A major survey of U.S. fertility clinics released Wednesday indicates that almost half of the clinics allow couples to choose the sex of a child. As reported in The Washington Post, “Sex selection without any medical reason to warrant it was performed in about 9 percent of all embryo screenings last year, the survey found.”
Another controversial procedure — helping parents conceive a child who could supply compatible cord blood to treat an older sibling with a grave illness –was offered by 23 percent of clinics, although only 1 percent of screenings were for that purpose in 2005.
The survey was published online by the journal Fertility and Sterility [access to subscribers only].
In a remarkable statement, one fertility clinic operator said that most embryo screening procedures are done “for the right reasons” — meaning for diseases. “There are thousands of babies born now that we know are going to be free of lethal and/or devastating genetic diseases. That’s a good thing,” said Dr. William Gibbons of Baton Rouge, La. The destruction of human embryos deemed unacceptable is simply affirmed as a “good thing.”
When it comes to sex selection procedures, some ethicists like Arthur Caplan of the University of Pennsylvania suggest that “family balancing” might be “morally persuasive” but a choice not to have either any boys or girls “is troubling.”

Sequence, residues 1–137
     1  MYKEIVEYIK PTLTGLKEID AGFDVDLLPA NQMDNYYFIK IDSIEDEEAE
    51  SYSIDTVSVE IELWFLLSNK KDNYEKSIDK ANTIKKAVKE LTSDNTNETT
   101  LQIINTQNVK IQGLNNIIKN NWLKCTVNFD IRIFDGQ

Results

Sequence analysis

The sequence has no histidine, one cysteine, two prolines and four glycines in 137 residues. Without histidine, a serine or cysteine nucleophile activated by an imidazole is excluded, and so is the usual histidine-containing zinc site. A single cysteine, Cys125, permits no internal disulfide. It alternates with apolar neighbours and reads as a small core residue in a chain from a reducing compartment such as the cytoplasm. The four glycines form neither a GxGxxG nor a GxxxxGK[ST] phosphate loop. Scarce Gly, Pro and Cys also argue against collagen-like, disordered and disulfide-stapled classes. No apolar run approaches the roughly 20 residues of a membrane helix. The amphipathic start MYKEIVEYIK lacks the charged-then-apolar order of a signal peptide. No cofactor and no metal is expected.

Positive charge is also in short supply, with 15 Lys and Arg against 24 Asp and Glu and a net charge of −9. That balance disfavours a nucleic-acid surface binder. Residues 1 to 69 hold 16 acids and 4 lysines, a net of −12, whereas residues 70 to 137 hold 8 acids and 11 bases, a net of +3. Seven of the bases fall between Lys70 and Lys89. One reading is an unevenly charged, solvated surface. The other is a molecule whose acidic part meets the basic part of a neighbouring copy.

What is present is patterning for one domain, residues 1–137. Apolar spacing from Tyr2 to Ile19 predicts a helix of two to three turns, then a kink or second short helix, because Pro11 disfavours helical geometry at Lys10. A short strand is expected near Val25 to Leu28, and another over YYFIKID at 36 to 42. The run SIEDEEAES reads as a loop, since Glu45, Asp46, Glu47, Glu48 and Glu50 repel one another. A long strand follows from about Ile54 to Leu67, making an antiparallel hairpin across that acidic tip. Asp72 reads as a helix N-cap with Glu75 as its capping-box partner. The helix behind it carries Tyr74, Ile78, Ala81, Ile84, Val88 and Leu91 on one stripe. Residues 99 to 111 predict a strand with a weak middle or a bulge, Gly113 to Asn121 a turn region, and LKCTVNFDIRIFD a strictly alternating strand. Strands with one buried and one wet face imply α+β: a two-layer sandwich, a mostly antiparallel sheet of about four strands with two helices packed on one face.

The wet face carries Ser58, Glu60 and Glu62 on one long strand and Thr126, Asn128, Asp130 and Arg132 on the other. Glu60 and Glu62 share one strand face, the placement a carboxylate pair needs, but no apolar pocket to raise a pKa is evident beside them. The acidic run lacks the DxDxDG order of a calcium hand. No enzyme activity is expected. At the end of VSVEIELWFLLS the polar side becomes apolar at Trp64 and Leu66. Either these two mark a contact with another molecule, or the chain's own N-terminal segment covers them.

Meanwhile, another fertility clinic operator retorted: “It performs a much desired service. We’re making people happy.” The only issues of interest to this doctor were desire and happiness.
Then, consider this section of the report:
However, the survey findings also confirm many ethicists’ fears that Americans increasingly are seeking “designer babies” not just free of medical defects but also possessing certain desirable traits.
“That’s a big problem if that’s true,” Boston University ethicist George Annas said of the sex selection finding. “This is not a risk-free technique,” he said referring to in vitro fertilization, which can over-stimulate a woman’s ovaries and bring the risk of multiple births.
“I don’t think a physician can justify doing that to a patient” for sex selection alone, Annas said.
Note carefully that Dr. Annas sees an ethical issue here — but only as related to a health risk to the mother. The embryo is simply left out of the moral equation. That silence is deafening.
R. Albert Mohler Jr.
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